Published on 29th Nov, 2017

Ragpickers intrigue us. They have been the subject of many novels and films. Years ago when travelling I found my way to Smokey Mountain on the outskirts of Manila. It was a massive dump site where thousands lived by scavenging through waste. As a child I had read the story of Sister Emmanuelle NDS, a French-Belgium nun who aged 60 felt called to leave her prestigious teaching role and live among the Ragpickers of Cairo where she remained until she was 85. Her story made a lasting impression on me.

The poverty of Ragpickers in India is particular because they are a very low caste and so traditionally have been trapped in this way of life. If your parents – or your mother to be precise – is a ragpicker and you are a daughter, chances are you will end up in the same trade. The men more often than not are drinkers and gamblers, merely adding to the family struggles.

Here in Dehra Dun the Ragpickers live in the Madrasi quarter, near the railway line with all the incumbent noise and commotion. The homes are cramped, some still mud brick, and hug a network of narrow winding lanes.

What actually do they do? It’s not food these women and children seek out. A positive spin would say that they are recyclers. They set off early in the morning and rummage around rubbish dumps, empty sections, and river beds looking for discarded bottles, plastic and cardboard all of which fetch a meagre payment from a motley collection of middlemen traders. Large sacks slung across their shoulders, bare hands and great determination to eke out a living are their tools of trade. Theirs is no ecological mission; it’s a backbreaking life of survival.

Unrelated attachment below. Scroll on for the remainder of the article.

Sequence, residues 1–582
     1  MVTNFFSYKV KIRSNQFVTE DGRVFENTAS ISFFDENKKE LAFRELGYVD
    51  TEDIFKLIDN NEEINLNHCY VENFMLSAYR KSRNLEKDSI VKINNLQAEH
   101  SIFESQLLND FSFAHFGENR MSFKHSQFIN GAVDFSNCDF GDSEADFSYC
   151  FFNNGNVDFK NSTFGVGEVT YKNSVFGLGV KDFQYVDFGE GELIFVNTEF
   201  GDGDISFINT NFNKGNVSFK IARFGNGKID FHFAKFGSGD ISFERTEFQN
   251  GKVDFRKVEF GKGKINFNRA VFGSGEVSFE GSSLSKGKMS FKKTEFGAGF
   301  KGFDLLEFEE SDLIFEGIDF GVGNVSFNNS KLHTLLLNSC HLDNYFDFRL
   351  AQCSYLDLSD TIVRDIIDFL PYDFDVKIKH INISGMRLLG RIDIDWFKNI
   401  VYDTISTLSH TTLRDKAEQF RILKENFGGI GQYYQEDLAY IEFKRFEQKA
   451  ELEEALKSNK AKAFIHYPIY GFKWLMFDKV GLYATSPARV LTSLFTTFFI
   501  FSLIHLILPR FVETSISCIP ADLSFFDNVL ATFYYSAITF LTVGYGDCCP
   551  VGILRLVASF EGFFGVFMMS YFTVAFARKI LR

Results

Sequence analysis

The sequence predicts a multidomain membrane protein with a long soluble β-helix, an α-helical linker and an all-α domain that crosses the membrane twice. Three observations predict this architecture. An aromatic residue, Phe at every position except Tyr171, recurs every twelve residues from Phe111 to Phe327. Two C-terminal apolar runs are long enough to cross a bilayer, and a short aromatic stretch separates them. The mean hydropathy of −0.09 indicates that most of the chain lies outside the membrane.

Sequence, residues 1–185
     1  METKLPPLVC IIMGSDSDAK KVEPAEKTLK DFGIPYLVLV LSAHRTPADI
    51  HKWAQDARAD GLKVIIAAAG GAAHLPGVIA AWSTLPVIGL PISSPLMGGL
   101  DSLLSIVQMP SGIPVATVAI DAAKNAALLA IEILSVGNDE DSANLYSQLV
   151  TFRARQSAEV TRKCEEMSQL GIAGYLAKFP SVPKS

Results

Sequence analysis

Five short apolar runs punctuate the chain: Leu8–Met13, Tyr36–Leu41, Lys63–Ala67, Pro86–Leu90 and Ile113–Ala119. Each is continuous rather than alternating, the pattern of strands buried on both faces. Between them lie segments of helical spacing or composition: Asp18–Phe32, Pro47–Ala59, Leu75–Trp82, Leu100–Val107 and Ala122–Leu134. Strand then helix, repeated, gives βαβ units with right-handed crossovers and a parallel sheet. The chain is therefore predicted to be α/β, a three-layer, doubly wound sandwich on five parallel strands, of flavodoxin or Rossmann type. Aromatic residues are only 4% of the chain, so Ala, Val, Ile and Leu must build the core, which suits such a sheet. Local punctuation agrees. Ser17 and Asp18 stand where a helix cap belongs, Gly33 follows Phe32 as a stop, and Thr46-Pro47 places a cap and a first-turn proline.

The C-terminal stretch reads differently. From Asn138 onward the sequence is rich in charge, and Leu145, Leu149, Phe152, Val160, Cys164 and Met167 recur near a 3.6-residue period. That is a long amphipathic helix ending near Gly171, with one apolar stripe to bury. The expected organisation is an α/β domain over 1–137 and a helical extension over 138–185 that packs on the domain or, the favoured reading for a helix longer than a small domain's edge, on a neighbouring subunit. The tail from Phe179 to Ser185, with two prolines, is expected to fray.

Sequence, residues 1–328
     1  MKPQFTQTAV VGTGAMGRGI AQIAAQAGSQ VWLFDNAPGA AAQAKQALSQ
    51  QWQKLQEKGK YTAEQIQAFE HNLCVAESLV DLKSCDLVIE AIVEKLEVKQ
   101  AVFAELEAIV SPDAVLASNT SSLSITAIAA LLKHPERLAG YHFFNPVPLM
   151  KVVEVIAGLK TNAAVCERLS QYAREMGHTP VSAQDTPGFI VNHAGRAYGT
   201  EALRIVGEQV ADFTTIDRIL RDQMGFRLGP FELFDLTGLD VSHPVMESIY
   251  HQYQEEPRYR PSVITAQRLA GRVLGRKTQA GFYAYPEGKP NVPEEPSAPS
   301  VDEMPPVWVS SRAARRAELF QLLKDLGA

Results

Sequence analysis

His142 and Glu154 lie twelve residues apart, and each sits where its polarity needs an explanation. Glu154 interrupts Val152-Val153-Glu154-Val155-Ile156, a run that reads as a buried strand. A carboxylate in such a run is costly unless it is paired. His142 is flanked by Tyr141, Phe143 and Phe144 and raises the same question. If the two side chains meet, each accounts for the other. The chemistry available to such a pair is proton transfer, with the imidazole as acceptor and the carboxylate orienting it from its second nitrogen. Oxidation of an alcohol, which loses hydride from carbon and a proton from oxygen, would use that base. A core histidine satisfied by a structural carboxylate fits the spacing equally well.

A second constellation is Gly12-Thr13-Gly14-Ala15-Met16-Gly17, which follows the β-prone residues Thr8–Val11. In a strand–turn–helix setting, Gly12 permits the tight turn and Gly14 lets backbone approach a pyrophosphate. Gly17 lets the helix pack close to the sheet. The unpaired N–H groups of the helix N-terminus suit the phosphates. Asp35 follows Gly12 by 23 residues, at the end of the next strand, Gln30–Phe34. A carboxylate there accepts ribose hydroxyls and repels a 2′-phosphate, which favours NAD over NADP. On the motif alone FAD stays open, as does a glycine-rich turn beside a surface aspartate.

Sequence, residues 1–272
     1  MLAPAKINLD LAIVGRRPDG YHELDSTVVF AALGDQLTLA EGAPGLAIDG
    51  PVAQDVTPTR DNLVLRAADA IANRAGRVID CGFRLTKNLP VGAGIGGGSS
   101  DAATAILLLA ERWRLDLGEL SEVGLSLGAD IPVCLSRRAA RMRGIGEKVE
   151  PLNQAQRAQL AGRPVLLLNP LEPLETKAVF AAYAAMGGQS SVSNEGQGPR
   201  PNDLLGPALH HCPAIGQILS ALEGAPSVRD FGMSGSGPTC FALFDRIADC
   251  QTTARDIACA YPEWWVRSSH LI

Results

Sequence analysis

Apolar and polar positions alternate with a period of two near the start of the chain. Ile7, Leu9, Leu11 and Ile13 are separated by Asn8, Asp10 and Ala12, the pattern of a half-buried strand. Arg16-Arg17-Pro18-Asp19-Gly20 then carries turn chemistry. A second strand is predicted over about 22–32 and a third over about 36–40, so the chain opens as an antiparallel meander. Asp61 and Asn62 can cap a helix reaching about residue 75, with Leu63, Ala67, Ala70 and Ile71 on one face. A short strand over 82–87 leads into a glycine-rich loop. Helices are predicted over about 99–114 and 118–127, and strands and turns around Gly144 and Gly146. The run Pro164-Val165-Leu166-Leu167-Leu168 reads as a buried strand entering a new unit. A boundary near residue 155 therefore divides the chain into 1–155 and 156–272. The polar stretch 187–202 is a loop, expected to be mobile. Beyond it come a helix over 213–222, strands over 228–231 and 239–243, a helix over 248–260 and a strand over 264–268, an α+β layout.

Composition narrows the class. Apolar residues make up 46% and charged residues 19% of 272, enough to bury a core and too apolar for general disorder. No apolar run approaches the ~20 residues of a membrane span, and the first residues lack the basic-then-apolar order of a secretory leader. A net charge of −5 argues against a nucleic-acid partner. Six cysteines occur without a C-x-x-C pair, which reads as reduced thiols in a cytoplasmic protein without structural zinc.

Sometimes this cycle of poverty is broken. I’ve been involved with a project called the Hope Primary School for some time now which has been set up by a young couple – themselves children of leprous parents – in the Madrasi quarter. The classrooms are cramped and stuffy but slowly the standard of education has been raised. Uniforms, haircuts and soap, stationery, medicines are all provided at heavily reduced cost. The only requirement is commitment: that the children are regular in attendance and that a parent attend the monthly meeting with teachers. Good relationships have been built up with sympathetic High Schools in the area so that once these children have finished their primary schooling their education continues. The first school graduates from this project are now in tertiary training. Thanks to the support and generosity of benefactors, horizons of hope have been achieved by these very poor and deprived children.

Another group whose children are even more likely to miss out on schooling are the labourers – families of them – of roading contractors and construction contractors. They usually come from Bihar state and follow a kind of nomadic existence moving from contract to contract, site to site. Their shelter is lean-to and temporary, and their work arduous, poorly paid and often dangerous.

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